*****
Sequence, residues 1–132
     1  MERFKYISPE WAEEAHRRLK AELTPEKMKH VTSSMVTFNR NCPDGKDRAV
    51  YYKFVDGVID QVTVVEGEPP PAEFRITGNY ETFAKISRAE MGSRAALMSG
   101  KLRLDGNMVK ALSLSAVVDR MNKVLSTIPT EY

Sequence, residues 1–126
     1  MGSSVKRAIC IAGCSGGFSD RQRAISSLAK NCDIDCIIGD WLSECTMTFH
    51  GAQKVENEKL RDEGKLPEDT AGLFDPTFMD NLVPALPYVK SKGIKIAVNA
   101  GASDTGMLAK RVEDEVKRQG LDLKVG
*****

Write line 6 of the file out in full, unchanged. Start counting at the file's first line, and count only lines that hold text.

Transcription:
     1  MGSSVKRAIC IAGCSGGFSD RQRAISSLAK NCDIDCIIGD WLSECTMTFH